The Deputy Director-General of the Securities and Exchange Commission, SEC, Paul Ababio, says investors of the collapsed fund management companies would soon have access to their funds when their claims are successfully validated.
This follows renewed concerns over the silence of the capital market regulator which revoked the licenses of some 53 fund management companies last year for various regulatory breaches.
In an interview with Citi Business News, Mr. Ababio assured that a process to validate the claims submitted by investors is ongoing and when completed, payments will commence.
“We received claims; we gave up to January. What we have to go through now is the validation process. Along with that is also ascertaining the value of the claims to ensure that the claims that are reflected in the firms’ books are as we have received as well. And coming out of that, we are also in touch with the government obviously about the allocation of resources to ensure that the right sums are available, obviously to pay.”
“We want to assure the people that the processes are moving forward, obviously because we are in a capital market, we have to go through a liquidation process for these firms, so that process is also moving forward as we speak, and I think that is key for people to bear in mind.”
“There are series of processes we are going through and we will make announcements in the next few weeks on the full update, in terms of payments and timing of such payments when it is ready,” Mr. Ababio stated.
Earlier this month, members of the Coalition of Aggrieved Customers of the defunct 53 Fund Management Companies called on the government to commence payment of their locked up funds before March 24, 2020.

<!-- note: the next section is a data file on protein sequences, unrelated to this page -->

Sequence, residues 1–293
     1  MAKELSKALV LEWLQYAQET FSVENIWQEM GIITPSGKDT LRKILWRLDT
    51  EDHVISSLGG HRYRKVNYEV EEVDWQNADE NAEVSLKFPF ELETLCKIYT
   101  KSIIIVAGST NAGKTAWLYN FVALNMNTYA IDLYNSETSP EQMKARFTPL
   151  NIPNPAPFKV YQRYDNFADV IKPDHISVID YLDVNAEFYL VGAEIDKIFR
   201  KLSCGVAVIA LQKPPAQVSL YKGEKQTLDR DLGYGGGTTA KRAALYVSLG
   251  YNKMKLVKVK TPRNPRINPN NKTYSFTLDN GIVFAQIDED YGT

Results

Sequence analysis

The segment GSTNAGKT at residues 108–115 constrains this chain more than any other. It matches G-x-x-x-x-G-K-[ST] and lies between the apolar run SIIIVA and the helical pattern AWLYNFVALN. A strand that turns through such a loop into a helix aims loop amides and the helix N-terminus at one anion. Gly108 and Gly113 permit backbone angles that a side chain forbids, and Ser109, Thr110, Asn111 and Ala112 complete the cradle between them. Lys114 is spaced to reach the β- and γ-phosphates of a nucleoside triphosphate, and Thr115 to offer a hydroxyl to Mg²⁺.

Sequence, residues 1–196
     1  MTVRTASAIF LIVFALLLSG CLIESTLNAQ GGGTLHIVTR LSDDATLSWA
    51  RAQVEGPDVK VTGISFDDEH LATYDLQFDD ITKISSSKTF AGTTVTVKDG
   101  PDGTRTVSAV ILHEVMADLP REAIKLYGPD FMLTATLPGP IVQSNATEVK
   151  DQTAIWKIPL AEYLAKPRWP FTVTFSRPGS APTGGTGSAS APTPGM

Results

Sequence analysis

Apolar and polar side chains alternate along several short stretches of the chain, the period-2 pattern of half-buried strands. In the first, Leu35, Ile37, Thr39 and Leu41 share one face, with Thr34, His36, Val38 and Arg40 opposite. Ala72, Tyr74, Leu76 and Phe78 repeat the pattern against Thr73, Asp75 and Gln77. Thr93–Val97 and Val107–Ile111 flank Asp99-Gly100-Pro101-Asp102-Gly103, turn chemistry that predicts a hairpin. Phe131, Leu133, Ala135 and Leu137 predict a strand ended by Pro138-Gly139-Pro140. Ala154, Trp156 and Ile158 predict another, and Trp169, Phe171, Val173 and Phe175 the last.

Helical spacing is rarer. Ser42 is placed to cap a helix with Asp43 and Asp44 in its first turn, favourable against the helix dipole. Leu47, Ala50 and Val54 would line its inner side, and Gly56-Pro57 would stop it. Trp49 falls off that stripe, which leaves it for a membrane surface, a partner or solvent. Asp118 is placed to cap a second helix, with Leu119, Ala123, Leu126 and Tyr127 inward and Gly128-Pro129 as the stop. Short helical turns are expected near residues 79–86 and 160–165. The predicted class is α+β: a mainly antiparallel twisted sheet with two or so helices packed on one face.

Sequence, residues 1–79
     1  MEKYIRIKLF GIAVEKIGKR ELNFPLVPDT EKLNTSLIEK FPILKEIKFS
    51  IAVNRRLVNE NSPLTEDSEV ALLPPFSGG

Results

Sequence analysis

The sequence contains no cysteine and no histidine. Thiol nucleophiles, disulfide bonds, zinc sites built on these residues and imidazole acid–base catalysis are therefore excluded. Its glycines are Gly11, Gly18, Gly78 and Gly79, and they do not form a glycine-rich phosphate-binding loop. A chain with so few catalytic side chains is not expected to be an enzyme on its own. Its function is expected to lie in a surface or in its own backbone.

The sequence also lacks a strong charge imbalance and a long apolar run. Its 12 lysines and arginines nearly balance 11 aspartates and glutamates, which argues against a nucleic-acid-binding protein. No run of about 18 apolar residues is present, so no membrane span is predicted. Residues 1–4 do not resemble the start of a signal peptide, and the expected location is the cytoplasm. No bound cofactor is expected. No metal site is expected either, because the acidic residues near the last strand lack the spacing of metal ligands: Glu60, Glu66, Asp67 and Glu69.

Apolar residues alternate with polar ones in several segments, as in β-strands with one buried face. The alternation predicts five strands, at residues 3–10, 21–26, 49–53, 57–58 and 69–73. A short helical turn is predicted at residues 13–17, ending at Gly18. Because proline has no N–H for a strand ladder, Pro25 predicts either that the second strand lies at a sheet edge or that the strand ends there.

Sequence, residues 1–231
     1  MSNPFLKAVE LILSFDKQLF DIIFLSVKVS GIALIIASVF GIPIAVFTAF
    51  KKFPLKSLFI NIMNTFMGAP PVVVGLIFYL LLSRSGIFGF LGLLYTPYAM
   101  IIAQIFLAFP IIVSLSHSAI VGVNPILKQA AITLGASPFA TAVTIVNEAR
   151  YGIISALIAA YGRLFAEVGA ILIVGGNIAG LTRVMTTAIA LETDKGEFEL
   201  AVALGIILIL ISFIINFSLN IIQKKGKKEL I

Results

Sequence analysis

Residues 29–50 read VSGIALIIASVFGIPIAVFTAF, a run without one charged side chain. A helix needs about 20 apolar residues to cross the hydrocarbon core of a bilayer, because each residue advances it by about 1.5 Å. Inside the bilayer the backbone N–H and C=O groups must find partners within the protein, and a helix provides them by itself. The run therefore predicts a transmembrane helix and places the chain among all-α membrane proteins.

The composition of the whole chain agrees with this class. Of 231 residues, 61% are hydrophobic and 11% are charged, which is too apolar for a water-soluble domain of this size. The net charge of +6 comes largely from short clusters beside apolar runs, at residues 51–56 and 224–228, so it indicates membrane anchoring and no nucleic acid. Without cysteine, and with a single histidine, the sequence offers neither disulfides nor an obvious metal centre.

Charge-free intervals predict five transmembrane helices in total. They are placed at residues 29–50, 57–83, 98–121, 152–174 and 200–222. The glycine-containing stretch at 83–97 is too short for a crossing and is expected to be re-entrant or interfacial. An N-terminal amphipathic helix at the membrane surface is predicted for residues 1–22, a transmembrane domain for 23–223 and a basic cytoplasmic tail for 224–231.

According to the group, the government has sidelined customers of the collapsed fund management companies in the payment of depositors monies following the financial sector clean-up.
Addressing the media in Accra, Public Relations Officer of the Coalition of the Aggrieved Customers of the 53 fund management companies, Charles Nyame, said the group will embark on a demonstration if the government fails to pay their locked up investments.
The Securities and Exchange Commission (SEC) last year revoked the licenses of 53 fund management companies for several regulatory breaches.
The companies were said to have more than eight billion cedis in assets under management. The collapse of the companies came at a time a number of the firms were unable to meet investors’ demands for the funds.
An analysis of the country’s financial sector showed that some of the collapsed fund management companies had their funds locked up in savings and loans companies and other financial institutions that were shut down by the central bank.
Meanwhile, Kisseih Antonio, a Governing Council Member of the Ghana Securities Industry Association, the umbrella body of organisations licensed by the Securities and Exchange Commission, has told Citi Business News that restoring full confidence in the financial sector requires that investors in the fund management space are also allowed to have access to their funds in cash rather than in bond payments as has been planned by the receiver.
“We want to plead with the government to treat SEC-regulated institutions like the banks. We see that with the banks, we had depositors being paid in full, but with fund managers, we see that there is a cap, and investors are being paid with paper in any amount in excess of GHS170,000. If the government is to treat us like the banks that will go a long way in restoring confidence in the financial sector,” he stated,
Mr. Antonio called on fund management companies that have received some form of payments from the receiver to take steps to payout investors’ locked up funds.